Follow Us :

Case Law Details

Case Name : Shri Krishna Industries Vs Commissioner Delhi Goods And Service Tax And Others (Delhi High Court)
Appeal Number : W.P.(C) 3357/2024 & CM APPLs. 13827-13828/2024
Date of Judgement/Order : 05/03/2024
Related Assessment Year :

Shri Krishna Industries Vs Commissioner Delhi Goods And Service Tax And Others (Delhi High Court)

Introduction: The case of Shri Krishna Industries versus Commissioner Delhi Goods and Service Tax and Others, adjudicated by the Delhi High Court, pertains to the proper evaluation of replies by GST officers before forming opinions in demand cases under the Central Goods and Services Tax Act, 2017.

Detailed Analysis: The petitioner challenged an order dated 12.2023, which disposed of a Show Cause Notice dated 23.09.2023, proposing a demand against the petitioner amounting to Rs. 51,64,782.00, including penalty, under Section 73 of the Central Goods and Services Tax Act, 2017.

Despite submitting a detailed reply on 10.10.2023 to the Show Cause Notice, the petitioner contended that the impugned order failed to consider their response adequately. The court noted that the impugned order merely stated the reply as unsatisfactory without providing substantive reasons or seeking further clarifications.

The Delhi High Court criticized the Proper Officer’s failure to evaluate the petitioner’s reply on its merits. It emphasized that the officer should have considered the reply comprehensively before forming an opinion. Moreover, if additional details were required, the officer should have explicitly requested them from the petitioner, which was not evident from the record.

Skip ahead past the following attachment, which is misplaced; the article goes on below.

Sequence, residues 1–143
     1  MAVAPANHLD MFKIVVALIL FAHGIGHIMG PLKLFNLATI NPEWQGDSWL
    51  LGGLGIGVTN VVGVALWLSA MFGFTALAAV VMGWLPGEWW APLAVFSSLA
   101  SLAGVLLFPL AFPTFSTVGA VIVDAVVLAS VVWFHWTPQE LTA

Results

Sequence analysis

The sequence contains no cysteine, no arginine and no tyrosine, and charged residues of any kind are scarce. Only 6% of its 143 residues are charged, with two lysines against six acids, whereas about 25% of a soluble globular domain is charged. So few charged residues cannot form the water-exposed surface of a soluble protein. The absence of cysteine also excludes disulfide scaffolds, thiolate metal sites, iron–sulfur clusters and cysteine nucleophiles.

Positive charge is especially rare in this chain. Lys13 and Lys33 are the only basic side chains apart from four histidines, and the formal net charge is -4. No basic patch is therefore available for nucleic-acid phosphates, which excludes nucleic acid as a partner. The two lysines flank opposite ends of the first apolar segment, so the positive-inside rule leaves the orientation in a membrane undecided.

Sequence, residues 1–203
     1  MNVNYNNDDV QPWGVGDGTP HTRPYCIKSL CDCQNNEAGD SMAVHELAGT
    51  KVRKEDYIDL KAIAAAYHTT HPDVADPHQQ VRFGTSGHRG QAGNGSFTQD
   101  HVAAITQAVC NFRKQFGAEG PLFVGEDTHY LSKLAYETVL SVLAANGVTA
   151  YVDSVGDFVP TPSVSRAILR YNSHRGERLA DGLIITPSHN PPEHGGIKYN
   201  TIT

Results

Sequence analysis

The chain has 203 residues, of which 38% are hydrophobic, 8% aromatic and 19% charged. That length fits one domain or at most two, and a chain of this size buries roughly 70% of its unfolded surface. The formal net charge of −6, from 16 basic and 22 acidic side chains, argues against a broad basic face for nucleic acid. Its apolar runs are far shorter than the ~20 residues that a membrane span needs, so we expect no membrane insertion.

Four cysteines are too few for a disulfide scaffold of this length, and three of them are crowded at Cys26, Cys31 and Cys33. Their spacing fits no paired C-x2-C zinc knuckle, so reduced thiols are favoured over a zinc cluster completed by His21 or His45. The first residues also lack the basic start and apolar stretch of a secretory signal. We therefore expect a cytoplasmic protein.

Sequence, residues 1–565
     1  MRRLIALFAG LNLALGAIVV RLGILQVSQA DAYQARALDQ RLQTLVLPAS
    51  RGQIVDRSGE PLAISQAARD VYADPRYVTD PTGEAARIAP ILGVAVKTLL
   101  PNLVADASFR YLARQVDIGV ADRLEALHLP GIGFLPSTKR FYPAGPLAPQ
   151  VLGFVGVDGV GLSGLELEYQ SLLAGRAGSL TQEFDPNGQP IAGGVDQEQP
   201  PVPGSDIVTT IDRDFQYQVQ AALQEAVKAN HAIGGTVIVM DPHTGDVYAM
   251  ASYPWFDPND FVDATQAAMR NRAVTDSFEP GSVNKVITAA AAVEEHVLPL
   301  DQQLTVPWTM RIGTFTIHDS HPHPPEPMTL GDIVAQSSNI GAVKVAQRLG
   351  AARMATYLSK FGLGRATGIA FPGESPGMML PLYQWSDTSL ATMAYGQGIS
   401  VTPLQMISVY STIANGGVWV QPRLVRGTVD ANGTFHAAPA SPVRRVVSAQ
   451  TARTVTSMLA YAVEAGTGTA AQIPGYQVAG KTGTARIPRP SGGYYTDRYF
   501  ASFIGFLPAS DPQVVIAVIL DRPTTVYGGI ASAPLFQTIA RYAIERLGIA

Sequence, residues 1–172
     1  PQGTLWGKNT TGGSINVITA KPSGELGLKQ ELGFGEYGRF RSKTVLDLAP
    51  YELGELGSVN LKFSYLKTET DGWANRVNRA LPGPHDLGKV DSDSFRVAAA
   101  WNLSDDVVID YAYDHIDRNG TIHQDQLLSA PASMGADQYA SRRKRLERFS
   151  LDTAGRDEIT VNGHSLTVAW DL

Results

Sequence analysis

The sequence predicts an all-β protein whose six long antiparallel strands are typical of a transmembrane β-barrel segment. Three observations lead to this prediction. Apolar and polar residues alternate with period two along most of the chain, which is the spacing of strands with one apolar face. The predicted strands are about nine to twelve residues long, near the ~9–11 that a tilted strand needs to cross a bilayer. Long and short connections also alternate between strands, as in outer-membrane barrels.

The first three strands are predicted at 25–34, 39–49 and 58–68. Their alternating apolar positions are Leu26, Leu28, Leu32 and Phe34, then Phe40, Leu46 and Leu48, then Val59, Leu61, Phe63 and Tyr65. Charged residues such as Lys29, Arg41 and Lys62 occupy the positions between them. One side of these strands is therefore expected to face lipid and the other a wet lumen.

Consequently, the court set aside the impugned order and remitted the matter to the Proper Officer for re-adjudication. It directed the officer to intimate the petitioner about any necessary details or documents required and allow them to furnish explanations accordingly. The Proper Officer was instructed to conduct a fresh adjudication, including a personal hearing, within the prescribed period under Section 75(3) of the Act.

Conclusion: The judgment underscores the importance of procedural fairness and proper evaluation of replies by GST officers in demand cases. It highlights the obligation of officers to consider responses on their merits and provide opportunities for clarification if needed. The directive by the Delhi High Court ensures adherence to principles of natural justice and procedural correctness in GST proceedings.


1. Petitioner impugns order dated 12.2023, whereby the impugned Show Cause Notice dated 23.09.2023, proposing a demand against the petitioner has been disposed and a demand of Rs.51,64,782.00 including penalty has been raised against the petitioner. The order has been passed under Section 73 of the Central Goods and Services Tax Act, 2017 (hereinafter referred to the Act).

2. Learned counsel for Petitioner submits that a detailed reply dated 10.10.2023 was filed to the Show Cause Notice, however, the impugned order dated 28.12.2023 does not take into consideration the reply submitted by the petitioner and is a cryptic order.

3. Perusal of the Show Cause Notice shows that the Department has given separate headings excess claim Input Tax Credit [“ITC”], under declaration of ineligible ITC and ITC claim from cancelled dealers, return defaulters and tax non-payers. To the said Show Cause Notice, a detailed reply was furnished by the petitioner giving full disclosures under each of the heads.